Joseph DiGenova, a former U.S. attorney under President Ronald Reagan, told the Examiner in January that Lynch would have "no choice" but to indict Clinton if the FBI recommended an indictment. That recommendation would come in the form of a confidential memo, DiGenova said, but "the bureau will no doubt let it be known" that such a memo exists in order to increase the public pressure on Lynch to proceed with the case.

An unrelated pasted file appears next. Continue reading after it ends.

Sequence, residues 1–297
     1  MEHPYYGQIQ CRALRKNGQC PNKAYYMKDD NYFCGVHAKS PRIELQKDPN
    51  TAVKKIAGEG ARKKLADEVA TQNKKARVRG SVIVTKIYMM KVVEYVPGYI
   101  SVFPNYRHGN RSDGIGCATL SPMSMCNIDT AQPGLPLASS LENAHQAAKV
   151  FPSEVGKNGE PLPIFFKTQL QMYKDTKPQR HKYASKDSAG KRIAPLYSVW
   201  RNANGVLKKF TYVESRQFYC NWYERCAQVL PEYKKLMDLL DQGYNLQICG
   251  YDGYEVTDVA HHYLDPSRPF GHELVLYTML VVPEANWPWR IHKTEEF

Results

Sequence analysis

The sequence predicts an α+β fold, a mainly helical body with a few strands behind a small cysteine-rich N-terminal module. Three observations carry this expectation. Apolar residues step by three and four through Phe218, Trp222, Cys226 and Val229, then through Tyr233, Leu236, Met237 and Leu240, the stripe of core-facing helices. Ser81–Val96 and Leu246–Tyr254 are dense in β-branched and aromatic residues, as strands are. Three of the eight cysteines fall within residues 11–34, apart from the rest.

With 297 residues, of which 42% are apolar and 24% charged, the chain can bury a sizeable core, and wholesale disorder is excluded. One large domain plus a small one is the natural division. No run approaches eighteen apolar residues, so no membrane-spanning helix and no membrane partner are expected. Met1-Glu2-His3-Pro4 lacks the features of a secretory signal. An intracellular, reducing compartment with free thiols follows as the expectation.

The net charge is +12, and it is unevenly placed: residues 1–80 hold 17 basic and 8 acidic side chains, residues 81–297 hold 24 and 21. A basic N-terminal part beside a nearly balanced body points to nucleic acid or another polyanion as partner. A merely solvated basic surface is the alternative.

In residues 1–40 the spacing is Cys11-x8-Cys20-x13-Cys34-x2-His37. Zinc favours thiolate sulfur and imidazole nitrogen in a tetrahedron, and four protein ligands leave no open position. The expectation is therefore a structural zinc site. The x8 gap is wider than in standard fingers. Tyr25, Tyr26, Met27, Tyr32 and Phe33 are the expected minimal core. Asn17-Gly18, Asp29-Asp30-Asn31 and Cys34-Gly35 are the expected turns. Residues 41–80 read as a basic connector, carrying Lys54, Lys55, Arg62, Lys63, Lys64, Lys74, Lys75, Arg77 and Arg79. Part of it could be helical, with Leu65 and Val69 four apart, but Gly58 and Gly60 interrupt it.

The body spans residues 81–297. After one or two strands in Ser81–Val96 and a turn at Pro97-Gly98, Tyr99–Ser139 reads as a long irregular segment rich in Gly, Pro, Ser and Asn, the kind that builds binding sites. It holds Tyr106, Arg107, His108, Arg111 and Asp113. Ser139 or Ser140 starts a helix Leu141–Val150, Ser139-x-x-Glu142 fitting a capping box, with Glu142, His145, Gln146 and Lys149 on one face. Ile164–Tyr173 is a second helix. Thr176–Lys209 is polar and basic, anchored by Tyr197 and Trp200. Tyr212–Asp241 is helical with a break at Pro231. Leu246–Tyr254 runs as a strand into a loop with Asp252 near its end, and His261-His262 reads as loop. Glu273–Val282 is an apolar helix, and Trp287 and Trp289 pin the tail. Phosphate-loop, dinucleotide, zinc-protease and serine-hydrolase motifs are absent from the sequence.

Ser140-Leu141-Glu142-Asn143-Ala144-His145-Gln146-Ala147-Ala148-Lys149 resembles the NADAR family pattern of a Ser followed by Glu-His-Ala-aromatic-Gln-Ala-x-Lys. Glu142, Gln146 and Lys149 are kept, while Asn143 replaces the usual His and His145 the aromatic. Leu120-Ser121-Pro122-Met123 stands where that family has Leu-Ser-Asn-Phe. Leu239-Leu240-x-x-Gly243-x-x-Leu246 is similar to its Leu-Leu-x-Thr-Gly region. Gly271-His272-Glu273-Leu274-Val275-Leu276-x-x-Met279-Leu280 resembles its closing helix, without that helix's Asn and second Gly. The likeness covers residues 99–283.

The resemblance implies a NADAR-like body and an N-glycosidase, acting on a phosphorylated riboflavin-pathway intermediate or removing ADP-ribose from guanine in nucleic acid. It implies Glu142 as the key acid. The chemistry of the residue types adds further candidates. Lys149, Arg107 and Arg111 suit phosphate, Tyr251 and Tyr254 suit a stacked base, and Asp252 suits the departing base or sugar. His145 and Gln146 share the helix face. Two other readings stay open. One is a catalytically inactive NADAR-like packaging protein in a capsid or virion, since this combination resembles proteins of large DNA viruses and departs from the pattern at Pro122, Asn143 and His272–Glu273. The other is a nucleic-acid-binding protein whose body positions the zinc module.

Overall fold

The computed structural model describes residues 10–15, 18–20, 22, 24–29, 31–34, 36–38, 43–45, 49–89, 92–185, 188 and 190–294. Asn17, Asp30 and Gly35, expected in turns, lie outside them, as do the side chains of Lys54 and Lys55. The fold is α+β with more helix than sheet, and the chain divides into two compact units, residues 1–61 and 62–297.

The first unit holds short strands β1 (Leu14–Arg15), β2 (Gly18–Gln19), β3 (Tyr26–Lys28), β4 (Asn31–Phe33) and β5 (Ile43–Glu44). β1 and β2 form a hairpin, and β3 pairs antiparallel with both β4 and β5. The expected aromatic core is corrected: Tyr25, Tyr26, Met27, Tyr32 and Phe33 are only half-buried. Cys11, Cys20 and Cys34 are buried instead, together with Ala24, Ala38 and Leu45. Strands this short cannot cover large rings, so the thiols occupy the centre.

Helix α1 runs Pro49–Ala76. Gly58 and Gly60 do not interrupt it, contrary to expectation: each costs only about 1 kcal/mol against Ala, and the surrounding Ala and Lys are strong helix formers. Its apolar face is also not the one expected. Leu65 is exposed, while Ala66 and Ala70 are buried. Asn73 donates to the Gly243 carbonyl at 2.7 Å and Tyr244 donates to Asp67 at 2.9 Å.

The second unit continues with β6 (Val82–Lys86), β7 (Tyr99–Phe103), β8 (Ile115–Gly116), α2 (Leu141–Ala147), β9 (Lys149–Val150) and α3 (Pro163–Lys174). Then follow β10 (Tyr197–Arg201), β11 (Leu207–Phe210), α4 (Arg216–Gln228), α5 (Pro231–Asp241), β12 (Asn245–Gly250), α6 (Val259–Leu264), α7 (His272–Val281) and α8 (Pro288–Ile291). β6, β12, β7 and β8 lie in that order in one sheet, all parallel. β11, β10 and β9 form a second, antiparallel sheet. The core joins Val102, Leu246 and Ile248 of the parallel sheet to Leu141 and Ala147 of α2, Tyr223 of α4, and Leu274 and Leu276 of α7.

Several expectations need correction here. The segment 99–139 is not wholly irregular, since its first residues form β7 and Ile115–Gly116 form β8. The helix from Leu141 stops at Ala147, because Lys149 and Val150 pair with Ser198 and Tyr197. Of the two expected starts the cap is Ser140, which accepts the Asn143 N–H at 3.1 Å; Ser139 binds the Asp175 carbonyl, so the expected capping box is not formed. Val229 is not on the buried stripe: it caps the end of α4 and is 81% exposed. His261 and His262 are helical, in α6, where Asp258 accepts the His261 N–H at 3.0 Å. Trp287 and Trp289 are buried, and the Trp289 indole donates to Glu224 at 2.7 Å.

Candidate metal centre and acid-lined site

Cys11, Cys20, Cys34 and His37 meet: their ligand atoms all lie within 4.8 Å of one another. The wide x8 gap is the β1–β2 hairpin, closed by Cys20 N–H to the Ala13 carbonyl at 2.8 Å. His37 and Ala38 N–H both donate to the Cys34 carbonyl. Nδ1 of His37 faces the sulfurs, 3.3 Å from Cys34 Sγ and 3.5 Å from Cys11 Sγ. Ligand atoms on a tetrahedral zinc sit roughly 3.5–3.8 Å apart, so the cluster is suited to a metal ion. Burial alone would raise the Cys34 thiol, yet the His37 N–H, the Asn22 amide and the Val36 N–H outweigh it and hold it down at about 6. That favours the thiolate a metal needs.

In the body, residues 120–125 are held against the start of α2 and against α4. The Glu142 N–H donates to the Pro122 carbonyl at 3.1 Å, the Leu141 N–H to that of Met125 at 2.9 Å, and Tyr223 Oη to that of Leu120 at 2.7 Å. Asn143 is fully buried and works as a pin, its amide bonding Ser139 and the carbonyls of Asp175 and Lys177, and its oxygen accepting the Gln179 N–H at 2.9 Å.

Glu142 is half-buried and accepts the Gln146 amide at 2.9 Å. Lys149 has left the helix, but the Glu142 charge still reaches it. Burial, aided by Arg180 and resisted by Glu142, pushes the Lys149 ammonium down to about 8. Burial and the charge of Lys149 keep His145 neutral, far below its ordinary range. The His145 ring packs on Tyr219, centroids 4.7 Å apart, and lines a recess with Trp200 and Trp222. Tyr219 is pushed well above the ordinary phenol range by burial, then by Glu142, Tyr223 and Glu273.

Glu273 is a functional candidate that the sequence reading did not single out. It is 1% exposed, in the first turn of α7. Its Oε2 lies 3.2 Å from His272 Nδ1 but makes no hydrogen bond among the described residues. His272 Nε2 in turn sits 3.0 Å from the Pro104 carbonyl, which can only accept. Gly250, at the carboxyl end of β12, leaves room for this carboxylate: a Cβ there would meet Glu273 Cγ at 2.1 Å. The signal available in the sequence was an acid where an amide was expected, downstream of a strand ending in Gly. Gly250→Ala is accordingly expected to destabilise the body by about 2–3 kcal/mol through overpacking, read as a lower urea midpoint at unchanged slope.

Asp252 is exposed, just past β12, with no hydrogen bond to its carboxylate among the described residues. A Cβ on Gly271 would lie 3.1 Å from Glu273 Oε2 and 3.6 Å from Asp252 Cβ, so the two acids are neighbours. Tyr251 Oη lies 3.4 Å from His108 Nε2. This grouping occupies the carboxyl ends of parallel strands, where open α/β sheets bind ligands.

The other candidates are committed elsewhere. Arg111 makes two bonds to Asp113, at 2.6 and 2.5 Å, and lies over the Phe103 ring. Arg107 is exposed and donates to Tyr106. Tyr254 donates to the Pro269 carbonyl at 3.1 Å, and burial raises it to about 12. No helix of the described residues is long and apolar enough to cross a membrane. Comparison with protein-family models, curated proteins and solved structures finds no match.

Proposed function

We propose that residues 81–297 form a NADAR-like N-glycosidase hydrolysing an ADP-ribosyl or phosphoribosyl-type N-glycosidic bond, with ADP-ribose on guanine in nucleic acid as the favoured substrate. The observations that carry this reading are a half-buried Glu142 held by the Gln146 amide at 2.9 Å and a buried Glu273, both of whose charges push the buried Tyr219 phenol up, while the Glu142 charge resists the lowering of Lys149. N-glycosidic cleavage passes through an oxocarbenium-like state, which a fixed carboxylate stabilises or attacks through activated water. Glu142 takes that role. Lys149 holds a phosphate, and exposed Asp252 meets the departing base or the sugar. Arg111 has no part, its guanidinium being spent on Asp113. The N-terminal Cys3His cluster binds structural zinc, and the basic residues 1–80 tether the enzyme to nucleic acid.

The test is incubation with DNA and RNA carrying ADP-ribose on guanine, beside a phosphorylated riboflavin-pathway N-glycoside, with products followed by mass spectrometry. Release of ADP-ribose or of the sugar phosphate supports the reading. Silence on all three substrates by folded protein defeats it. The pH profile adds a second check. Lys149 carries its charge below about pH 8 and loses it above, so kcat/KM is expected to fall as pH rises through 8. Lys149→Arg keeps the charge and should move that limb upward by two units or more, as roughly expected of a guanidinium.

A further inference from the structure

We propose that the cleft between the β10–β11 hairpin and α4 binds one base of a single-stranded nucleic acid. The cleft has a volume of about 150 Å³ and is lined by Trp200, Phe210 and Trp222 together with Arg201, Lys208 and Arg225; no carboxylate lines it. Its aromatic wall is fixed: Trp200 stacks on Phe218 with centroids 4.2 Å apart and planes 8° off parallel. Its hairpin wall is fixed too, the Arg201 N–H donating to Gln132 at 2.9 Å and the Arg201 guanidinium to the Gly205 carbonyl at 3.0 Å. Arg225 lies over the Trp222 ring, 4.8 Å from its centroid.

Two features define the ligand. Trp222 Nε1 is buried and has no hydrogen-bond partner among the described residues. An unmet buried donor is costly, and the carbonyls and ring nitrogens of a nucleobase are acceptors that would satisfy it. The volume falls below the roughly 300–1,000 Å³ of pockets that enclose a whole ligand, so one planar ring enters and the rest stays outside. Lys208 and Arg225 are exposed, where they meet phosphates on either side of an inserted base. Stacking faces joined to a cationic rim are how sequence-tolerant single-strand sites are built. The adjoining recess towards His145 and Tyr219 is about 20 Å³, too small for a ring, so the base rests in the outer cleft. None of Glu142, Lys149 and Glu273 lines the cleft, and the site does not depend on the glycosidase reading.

Most reports indicate FBI agents are looking into whether Clinton or her staff violated provisions of the Espionage Act that cover the treatment of sensitive information, an offense that can carry a sentence of up to 10 years in prison.
While a number of factors are at play in the unusual case of Clinton's emails, McCarthy said the former secretary of state could be looking at more than one felony charge.
"If it is as serious as it appears to be on its face ... this should be a multiple felony-count indictment and it should involve not only Mrs. Clinton, but whoever else in her circle at the State Department or wherever else knew that this activity was going on," he said.
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